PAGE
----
Family wealth generally increases with education.1 This is true within every major racial and ethnic group in the U.S. However, there are two important respects in which education’s association with wealth differs systematically by race and ethnicity.
First, at every level of educational attainment, the wealth effects of education for Hispanics and African-Americans are lower than they are for non-Hispanic whites and Asians.
Second, Hispanics and blacks see smaller increases in wealth than do whites and Asians when moving to a higher level of education.
We illustrate these differences briefly, then describe the results of an econometric model of wealth accumulation that suggests which underlying mechanisms may be at work—and some that are not.2 In particular, we found that differences in a group’s average education level, differences in family structure, and differences in income shocks or inheritances are not responsible for vastly different wealth outcomes. Instead, deeply rooted factors unique to the Hispanic and African-American experiences may be at work.
It is important to note that we discuss wealth (assets minus liabilities) and not income in this article. We study wealth because it is a broad measure of well-being, summarizing both the job-market outcomes of a family (income from work) as well as the financial decisions they make (saving and investing).
For an explanation of how races are defined, see short sidebar.
Despite gains in expected wealth, every level of education translates into a lower relative level of wealth for black and Hispanic families. Figure 1 shows predicted wealth by race and ethnicity relative to a college-educated white family. Increasing levels of educational attainment uniformly yield higher expected wealth. However, at each level, black and Hispanic wealth is lower than white and Asian wealth.
Higher levels of education generally are associated with smaller (shallower) increases in wealth for Hispanic and black families. The second pattern, evident in Figure 2, is that the higher the education level of the family head, the larger the wealth gap typically faced by Hispanics and blacks, in percentage terms; the reverse is true for Asians. In other words, comparing one education level to the next higher one generally is associated with a smaller proportional increment to family wealth for Hispanic and black families than for white or Asian families.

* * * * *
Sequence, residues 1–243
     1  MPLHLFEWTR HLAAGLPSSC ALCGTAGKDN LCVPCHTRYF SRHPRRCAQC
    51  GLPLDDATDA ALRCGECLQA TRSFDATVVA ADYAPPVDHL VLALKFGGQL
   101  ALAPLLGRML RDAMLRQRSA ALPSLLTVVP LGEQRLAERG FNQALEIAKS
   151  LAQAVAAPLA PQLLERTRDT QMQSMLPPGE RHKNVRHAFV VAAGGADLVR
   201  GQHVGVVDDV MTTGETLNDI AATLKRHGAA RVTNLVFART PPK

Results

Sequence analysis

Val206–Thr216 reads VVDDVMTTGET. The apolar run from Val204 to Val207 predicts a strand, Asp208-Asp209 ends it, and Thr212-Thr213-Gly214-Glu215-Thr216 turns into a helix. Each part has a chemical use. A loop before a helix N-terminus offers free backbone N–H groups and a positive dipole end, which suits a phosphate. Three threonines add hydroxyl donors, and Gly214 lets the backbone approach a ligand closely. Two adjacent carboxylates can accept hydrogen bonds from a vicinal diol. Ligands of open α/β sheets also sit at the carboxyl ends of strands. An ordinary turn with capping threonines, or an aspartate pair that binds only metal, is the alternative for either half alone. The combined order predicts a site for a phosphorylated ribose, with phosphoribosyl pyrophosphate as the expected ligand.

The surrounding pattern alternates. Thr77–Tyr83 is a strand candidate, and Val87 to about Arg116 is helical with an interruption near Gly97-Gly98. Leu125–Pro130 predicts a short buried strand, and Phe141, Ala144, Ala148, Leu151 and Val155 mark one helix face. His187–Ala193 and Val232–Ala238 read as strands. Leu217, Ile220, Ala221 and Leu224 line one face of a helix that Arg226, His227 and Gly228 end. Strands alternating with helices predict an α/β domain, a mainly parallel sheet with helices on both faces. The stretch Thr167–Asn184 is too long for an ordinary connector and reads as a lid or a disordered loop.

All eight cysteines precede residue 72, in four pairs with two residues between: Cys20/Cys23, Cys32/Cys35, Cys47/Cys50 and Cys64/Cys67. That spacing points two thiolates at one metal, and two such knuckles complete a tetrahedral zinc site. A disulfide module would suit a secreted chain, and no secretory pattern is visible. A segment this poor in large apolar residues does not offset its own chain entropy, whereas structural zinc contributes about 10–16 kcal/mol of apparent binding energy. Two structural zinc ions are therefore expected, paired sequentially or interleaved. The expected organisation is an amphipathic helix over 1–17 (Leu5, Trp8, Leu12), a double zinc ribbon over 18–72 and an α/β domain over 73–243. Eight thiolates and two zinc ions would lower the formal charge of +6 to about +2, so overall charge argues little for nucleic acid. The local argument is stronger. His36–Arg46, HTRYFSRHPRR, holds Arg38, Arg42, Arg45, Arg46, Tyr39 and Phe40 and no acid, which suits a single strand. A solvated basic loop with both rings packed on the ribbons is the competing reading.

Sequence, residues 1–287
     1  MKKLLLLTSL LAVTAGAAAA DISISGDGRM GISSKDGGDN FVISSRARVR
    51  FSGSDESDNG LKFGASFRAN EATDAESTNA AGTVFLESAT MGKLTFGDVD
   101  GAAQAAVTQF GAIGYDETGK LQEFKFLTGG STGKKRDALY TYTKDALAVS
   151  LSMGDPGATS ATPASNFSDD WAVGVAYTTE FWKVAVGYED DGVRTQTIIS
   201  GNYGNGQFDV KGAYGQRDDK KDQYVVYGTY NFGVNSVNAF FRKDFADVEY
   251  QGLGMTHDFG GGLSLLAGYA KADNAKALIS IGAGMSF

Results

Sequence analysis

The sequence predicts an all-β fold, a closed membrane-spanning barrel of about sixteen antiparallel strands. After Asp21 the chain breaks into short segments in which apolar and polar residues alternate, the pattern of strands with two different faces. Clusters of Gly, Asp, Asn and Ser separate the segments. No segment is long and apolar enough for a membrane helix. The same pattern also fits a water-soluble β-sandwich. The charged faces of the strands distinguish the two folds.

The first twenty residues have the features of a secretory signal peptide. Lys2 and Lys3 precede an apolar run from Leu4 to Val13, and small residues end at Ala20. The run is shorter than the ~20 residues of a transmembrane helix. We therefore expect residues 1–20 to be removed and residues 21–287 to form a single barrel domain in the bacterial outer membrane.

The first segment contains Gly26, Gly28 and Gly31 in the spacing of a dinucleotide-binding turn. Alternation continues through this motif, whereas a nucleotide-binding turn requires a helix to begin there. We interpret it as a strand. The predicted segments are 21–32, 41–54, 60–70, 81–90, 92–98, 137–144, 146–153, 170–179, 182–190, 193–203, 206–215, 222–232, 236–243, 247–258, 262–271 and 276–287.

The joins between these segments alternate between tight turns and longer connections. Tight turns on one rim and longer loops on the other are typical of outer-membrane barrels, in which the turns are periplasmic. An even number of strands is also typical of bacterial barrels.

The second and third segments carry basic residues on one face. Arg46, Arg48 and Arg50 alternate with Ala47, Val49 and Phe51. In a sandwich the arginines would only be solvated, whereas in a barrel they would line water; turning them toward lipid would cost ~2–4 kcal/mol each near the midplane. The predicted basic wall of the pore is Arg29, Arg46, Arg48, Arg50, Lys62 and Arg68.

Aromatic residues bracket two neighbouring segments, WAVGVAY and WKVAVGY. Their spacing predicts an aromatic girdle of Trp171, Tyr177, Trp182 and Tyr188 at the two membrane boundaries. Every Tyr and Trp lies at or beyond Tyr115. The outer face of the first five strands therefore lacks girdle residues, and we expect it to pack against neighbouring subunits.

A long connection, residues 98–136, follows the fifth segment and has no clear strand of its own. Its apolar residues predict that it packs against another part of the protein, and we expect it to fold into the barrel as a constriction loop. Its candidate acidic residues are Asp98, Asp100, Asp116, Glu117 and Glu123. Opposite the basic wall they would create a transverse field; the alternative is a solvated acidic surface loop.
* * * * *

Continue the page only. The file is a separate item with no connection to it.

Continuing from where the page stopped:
Adjustments were made for a handful of observable differences in behaviors and circumstances to estimate wealth effects. Using a data set of more than 34,000 families that participated in the Federal Reserve Board’s Survey of Consumer Finances since 1995, we studied wealth accumulation with a particular focus on race and ethnicity.
We took into account:
The resulting model was very successful in accounting for differences in wealth accumulation across families, attributing most of the variation to the observable behaviors and circumstances noted above. One unexplained result was lower predicted wealth for black families even when holding constant all of the observable behaviors and circumstances.
Our model allowed us to answer the following hypothetical question: Compared with other families of the same age, birth year, marital status, family size, etc., corresponding to our full set of control variables, how much wealth would we expect a particular family to have based solely on its education level and its race or ethnicity? For purposes of comparison, we chose as our reference family a white family in which the family head holds no more than a two- or four-year college degree. The predicted wealth of all other education and race or ethnicity combinations is expressed relative to each $100 of the reference family’s wealth. If the links between education and wealth were the same for all races and ethnicities, we would predict equal wealth for all families with a given education level, regardless of race or ethnicity.